Ruby, 101, tells ‘Ryburgh Remembers’ project of her uncle, who died in the First World War

Ruby Ford sitting in front of the Think and Thank Screen in St Andrew’s church in Great Ryburgh, by

Ruby Ford sitting in front of the Think and Thank Screen in St Andrew’s church in Great Ryburgh, by the name of her uncle Stanley Curson, who was killed in the First Wolrd War. - Credit: Submitted

The 101-year-old niece of a fallen soldier from the Great War shared the memories of her family's loss with village historians at a commemorative event.

St Andrew's church in Great Ryburgh, near Fakenham, hosted a wartime-themed evening called Pack Up Your Troubles, including a meal of beef stew and songs from the First World War.

One of the visitors was Ruby Ford, who was born in London in April 1913. Her daughter Dawn had contacted the Ryburgh Remembers project after reading about it in the Times' sister paper, the EDP, to ask what information was available about her great uncle, Stanley Curson, a private with the Norfolk Regiment who was killed in Palestine in 1917.

On Saturday evening, Mrs Ford told local historians Peter Trent and Steve Bushby about her life in Ryburgh and the day the family received the telegram confirming the death of her uncle, when she was four years old.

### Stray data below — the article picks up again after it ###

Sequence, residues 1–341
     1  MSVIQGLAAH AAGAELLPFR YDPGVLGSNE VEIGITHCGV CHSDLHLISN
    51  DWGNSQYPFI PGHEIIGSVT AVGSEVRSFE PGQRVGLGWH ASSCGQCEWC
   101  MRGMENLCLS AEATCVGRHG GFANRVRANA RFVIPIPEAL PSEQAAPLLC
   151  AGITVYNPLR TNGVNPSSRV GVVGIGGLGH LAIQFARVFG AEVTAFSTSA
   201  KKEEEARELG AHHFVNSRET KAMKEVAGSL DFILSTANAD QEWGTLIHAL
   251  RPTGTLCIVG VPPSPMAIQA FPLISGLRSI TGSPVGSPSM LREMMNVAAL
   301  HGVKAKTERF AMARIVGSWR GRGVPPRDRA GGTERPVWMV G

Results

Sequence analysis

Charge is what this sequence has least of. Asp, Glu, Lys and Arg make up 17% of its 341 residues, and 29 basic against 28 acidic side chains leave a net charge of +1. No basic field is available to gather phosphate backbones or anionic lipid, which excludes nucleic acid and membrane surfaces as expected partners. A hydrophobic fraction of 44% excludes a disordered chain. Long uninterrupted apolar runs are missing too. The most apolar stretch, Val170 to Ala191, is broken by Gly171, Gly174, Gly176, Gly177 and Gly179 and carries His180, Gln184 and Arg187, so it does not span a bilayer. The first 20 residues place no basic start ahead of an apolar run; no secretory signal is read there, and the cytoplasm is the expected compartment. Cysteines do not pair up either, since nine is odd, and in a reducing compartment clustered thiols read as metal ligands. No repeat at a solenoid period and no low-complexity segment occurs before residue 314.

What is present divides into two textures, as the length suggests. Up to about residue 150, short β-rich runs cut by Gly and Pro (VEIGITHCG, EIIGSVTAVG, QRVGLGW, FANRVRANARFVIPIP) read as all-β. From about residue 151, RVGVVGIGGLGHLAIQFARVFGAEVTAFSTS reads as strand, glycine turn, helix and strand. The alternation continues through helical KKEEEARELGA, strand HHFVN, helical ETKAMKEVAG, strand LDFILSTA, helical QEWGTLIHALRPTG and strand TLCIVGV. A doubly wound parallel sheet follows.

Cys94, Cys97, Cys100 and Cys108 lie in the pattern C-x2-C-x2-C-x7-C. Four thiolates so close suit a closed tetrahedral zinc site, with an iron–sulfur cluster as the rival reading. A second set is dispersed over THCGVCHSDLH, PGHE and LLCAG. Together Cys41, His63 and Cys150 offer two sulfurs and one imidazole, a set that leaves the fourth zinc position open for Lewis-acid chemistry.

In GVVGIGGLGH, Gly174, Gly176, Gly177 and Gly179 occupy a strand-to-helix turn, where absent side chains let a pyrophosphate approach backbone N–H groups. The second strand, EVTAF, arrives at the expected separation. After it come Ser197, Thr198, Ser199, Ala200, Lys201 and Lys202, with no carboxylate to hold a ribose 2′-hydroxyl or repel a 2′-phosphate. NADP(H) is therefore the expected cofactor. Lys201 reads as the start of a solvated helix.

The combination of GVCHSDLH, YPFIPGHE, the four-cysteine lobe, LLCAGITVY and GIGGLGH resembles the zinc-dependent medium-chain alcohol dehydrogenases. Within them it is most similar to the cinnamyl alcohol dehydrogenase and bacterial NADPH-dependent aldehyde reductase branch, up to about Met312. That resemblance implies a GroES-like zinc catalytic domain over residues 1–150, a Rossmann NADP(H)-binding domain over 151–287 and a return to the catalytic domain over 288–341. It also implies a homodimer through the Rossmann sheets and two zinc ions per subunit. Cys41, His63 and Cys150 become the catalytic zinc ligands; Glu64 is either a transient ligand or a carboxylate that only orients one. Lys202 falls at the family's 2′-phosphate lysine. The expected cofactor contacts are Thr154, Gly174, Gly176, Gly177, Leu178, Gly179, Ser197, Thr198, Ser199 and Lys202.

'Mum came home from school and could not find grandmother,' she said. 'She went into each room calling her and then down to the outside toilet where grandmother was sitting crying, holding a telegram about Uncle Stanley's death. She said to Mum: 'You go inside my woman, I will be there in a minute'.'

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Sadly, Pte Curson's relations do not have a photograph of him and do not know where his medals are.

Mr Trent said 'We are currently in contact with two auction houses, who have in the past sold the medals of two Ryburgh lads.

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'We are hopeful that we will be able to help Ruby find a photograph of Uncle Stanley and trace the whereabouts of his medals'.

Mr Bushby, who has also been researching the community's wartime history with the Ryburgh Village Amenity Group, said: 'One of the project's aims was to build a human picture of those that served in the First World War, so that they are more than a name on a memorial.

'In Stanley's case, we seem to have done that and are delighted to be able to share what has been discovered with the generations that have come after those that fell.'

Saturday's event was held during Open Churches Week, which brought almost 250 visitors through the doors of St Andrew's.

Villagers showed people the church's elaborate First World War memorial screen, conserved with the help of a Heritage Lottery Fund grant, and some of the research that has so far been conducted into the soldiers whose names are recorded on the screen.

An extensive archive about wartime life was added to during the event, as visitors brought in family records.

Other exhibitions included a display of 'WW1 stitchcraft', with Ruth Paterson demonstrating how to embroider a card in the style of a wartime 'silk' as sent home by soldiers serving in France and Belgium.

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